Seriously.
 
2013-07-02 05:55:39 PM  

ThatDarkFellow: "...With the in the United States as $52,762, according to U.S. Census Bureau,..." *

*This includes two income families



$52,000/family is middle class?!?!?  Seems like barely-making-ends-meet to me.
 
2013-07-02 05:56:07 PM  
I had a 21-year old relative staying with us for half a year during college. Her mom swooped in all the time for the littlest stuff. I love the girl but she has no ability to self actuate and it's perfectly understandable. She was perfectly willing to do things around the house (her only rent) but only when asked. Even when agreeing to do weekly vacuuming, that did not happen unless it was suggested to her again.

It's going to be a long road for her in life.
 
2013-07-02 05:56:39 PM  
Don't worry, these kids will be introducing their kids to the deep end of the pool.
/pendulum swings
 
2013-07-02 05:59:04 PM  
We weren't going to greenlight this, but submitter's goddamn parents called 16 times in the last two hours and wouldn't leave us alone about it. We really just wanted them out of our hair.
 
2013-07-02 06:01:28 PM  

Moderator: We weren't going to greenlight this, but submitter's goddamn parents called 16 times in the last two hours and wouldn't leave us alone about it. We really just wanted them out of our hair.


Greatest.

Moderator.

Comment.

EVAR.
 
2013-07-02 06:02:29 PM  

FizixJunkee: ThatDarkFellow: "...With the in the United States as $52,762, according to U.S. Census Bureau,..." *

*This includes two income families


$52,000/family is middle class?!?!?  Seems like barely-making-ends-meet to me.


Me and MissAlmighty scrape by at $23,000 a year. $52,000 would be a huge step up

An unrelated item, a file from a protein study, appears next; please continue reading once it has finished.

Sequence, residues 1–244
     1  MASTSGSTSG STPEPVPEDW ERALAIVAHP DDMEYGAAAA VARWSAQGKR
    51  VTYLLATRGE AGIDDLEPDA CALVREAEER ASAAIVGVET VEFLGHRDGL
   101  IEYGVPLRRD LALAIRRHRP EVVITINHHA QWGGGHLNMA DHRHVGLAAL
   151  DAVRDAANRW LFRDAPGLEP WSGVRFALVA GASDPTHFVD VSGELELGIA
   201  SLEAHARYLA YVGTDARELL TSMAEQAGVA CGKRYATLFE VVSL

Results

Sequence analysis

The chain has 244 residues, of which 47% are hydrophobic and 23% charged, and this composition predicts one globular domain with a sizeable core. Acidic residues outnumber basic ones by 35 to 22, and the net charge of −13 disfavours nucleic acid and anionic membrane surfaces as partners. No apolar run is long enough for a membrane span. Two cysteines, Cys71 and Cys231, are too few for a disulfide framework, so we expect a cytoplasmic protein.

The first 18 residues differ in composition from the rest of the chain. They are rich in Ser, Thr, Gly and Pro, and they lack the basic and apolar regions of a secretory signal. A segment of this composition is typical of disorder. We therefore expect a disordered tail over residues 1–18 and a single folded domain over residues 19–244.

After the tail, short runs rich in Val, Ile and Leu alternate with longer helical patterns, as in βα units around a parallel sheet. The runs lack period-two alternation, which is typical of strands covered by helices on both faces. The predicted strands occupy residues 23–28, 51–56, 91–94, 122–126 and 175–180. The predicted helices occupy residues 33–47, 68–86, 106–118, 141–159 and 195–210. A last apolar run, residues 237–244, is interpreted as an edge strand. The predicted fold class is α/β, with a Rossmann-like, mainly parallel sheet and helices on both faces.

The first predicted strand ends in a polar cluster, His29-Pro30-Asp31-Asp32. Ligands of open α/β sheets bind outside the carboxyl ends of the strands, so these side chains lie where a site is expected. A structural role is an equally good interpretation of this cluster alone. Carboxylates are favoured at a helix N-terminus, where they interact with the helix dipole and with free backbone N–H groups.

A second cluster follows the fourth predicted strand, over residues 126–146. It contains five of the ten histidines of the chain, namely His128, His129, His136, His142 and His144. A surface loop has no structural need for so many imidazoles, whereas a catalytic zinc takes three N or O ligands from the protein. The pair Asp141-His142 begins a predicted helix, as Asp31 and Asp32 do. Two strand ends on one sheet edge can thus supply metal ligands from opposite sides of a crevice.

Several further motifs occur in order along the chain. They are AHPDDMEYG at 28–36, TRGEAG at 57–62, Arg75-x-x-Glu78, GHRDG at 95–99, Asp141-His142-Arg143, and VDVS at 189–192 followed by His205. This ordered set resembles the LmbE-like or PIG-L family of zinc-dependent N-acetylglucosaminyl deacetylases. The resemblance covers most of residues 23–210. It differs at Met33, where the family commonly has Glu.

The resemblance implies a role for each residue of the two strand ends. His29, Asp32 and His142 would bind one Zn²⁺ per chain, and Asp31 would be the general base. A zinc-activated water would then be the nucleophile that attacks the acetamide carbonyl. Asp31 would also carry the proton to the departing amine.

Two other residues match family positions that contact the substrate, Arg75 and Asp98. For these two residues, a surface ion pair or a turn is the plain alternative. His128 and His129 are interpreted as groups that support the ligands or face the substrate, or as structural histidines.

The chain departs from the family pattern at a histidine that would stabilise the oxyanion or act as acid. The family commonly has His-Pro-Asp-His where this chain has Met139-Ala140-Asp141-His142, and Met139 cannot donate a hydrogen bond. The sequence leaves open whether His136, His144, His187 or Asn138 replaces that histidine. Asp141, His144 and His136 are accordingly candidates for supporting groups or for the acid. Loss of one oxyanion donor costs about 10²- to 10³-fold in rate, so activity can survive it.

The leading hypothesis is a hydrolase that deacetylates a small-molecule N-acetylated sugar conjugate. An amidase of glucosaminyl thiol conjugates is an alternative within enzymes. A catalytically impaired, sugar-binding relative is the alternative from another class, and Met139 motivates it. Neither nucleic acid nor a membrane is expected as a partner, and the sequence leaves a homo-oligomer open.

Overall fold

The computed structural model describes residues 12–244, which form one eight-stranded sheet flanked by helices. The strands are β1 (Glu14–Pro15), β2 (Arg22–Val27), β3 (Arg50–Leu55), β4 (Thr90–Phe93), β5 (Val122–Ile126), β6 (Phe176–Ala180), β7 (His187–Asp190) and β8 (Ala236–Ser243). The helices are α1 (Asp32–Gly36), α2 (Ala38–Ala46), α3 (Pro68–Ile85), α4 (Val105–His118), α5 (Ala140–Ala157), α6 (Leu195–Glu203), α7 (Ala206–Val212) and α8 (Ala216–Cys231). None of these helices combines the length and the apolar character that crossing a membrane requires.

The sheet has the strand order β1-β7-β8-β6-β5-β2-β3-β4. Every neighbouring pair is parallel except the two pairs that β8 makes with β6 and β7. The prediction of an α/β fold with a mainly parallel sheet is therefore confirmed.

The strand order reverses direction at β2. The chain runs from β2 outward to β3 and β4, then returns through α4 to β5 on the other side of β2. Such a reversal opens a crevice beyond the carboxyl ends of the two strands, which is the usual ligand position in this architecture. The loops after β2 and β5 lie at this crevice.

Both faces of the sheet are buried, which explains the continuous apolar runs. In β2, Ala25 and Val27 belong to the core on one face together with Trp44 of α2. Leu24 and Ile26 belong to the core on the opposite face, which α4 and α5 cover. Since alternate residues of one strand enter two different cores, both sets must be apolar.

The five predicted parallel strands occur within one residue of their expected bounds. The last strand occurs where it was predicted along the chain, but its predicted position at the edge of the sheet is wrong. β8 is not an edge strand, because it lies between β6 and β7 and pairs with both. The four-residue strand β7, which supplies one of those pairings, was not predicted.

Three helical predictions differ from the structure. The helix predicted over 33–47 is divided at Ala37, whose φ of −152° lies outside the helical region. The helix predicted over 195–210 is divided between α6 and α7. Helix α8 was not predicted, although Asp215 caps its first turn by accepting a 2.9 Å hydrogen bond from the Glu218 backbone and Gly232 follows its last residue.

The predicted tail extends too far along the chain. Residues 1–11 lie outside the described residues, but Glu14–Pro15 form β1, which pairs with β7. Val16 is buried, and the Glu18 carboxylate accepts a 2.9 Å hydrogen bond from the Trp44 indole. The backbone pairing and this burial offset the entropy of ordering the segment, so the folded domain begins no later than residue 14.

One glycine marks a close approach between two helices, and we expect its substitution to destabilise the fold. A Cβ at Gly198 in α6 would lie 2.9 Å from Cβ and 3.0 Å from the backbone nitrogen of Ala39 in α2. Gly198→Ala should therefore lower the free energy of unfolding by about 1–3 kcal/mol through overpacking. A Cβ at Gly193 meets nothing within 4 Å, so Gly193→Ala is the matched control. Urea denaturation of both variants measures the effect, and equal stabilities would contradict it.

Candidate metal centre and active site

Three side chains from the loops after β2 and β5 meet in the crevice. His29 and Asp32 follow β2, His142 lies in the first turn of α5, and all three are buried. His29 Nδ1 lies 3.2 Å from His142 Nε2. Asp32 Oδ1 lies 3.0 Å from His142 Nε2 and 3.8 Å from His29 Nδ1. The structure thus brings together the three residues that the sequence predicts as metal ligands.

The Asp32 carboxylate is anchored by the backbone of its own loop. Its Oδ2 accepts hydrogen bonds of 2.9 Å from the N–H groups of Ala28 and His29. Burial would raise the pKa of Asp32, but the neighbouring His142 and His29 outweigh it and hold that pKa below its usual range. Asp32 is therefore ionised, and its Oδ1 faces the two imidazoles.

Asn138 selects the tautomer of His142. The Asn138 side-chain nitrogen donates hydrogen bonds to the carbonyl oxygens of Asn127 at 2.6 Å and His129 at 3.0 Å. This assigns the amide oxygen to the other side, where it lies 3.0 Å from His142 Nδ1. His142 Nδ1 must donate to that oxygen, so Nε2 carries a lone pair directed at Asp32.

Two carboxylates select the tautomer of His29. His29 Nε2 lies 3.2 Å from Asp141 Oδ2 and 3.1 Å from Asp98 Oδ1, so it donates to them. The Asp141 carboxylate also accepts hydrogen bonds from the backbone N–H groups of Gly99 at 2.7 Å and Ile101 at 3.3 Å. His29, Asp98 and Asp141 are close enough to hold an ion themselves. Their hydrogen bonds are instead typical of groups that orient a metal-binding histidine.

/Looking to make that step soon
//Interview on Friday
 
2013-07-02 06:03:20 PM  

Moderator: We weren't going to greenlight this, but submitter's goddamn parents called 16 times in the last two hours and wouldn't leave us alone about it. We really just wanted them out of our hair.


You should greenlight twice to make subby feel extra special.
 
2013-07-02 06:05:31 PM  

TaterTot_HotDish: As a former university advisor, I can say that the students and parents depicted in this article are outliers... however, I did often have students (not just freshmen, either) bring their parents to their advising sessions.  It was awkward.  The parent would ask a question and I would try to address the answer to the student.  Unfortunately since the modern university is now concerned more with customer service rather than education, I didn't feel that I could explicitly tell the parents to buzz off.

My parents never would have DREAMED of calling my university (unless I was dying or something) and I'm technically on the older side of the Millennial generation.  Things changed dramatically with students just 5-10 years younger than me.


When teaching economics, I had a student actually bring her mom in to argue a grade. Mind you, the grade was on a multiple choice test, with objectively correct answers... and she wasn't on the bubble of a grade higher... and she had attended fewer than 20% of the classes to that point in the semester... and she didn't attend any of the pre-test reviews that I held... and she didn't write to me and ask to go over it at some other time if my review sessions were not workable within her schedule.